The National Pain Strategy stood little chance.
The federally-funded, 17-part plan
to bolster systemic, evidence-based care for chronic pain in the US had many promising traits. It was goal-oriented, it was comprehensive, and it was dependent on measures proven to work for federal agencies.
But it competed with the opioid epidemic.
The plan was released in the same week of March 2016 as the US Centers for Disease Control and Prevention (CDC) guidelines for prescribing opioids in chronic pain. Discussion boomed around the latter; few gave attention to the former.
Strategy co-author Sean C. Mackey, MD, PhD, saw that coming from a mile away. When organizers told the Pain Medicine Division chief at Stanford that they would announce the plan around the same time as the new guidelines, he already knew which would catch headlines. He quipped to HCPLive®
the decision was simply a “strategic misfire”—but really, it was an issue he and colleagues are all too familiar with.
The pain medicine movement was struggling to progress in this century, hindered by what defined it in the century before.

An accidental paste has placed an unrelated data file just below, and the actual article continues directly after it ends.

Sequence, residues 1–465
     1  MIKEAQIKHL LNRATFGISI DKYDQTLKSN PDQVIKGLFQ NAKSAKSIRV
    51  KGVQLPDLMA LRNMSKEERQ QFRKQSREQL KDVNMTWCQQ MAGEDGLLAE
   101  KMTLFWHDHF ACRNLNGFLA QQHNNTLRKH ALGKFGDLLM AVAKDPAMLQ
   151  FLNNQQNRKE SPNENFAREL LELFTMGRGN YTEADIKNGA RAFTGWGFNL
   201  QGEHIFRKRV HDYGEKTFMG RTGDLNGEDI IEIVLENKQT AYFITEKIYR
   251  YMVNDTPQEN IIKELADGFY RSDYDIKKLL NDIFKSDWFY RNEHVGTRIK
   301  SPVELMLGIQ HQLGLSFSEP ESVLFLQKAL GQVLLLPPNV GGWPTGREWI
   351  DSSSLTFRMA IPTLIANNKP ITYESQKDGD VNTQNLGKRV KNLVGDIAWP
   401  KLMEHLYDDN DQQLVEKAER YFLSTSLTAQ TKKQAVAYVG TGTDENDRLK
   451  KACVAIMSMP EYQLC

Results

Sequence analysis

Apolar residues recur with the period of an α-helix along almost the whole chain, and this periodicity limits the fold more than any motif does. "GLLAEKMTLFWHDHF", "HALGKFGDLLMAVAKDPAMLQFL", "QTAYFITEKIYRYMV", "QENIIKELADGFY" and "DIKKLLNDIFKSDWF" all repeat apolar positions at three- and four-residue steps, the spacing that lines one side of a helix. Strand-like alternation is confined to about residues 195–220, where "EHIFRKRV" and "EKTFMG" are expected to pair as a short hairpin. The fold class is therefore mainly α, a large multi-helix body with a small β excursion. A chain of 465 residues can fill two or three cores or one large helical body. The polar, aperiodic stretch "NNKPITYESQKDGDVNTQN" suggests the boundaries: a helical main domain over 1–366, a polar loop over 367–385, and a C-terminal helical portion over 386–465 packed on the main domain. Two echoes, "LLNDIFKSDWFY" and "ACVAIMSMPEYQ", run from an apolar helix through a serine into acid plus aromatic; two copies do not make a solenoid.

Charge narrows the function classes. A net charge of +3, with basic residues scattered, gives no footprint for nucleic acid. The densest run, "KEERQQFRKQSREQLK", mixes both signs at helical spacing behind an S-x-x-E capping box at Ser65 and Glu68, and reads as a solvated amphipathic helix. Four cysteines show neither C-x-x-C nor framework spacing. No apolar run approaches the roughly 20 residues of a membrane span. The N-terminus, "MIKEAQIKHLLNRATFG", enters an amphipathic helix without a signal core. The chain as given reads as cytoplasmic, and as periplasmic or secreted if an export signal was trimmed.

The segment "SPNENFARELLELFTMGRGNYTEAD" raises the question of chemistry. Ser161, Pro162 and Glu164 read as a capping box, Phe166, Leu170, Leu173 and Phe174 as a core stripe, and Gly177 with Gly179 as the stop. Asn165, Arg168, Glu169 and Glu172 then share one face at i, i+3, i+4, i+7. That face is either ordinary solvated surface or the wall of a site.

“Here's the deal with the opioid crisis: like every other epidemic that we have faced in our country's history, we're going to address this problem, we're going to fix this problem,” Mackey said. “And then we're still going to be left with untold millions of people with chronic pain.”
Take the estimated 2.1 million Americans
with opioid use disorder (OUD). Add the approximate 950,000 annual heroin users in the US—for the sake of this exercise, assume they’ve all come from an opioid dependence.
Double that number. Double it again. And again. That number equals less than half of the Americans estimated to suffer from chronic pain.
Investigators like Mackey see modern pain medicine research branch off into two possible pursuits: to either seek means of reducing opioid dependence, or to seek efficient therapies that make their prescribed use redundant. Both are noble efforts; neither has been definitely accomplished.
But there’s some tangible hope in a handful of agents—and the general population has certainly endorsed lesser-regulated products cannabidiol and marijuana. But what may finally push pain medicine from a treatment void to a well-managed specialty is the combination of the right priority of drugs, the right care team, and the right system.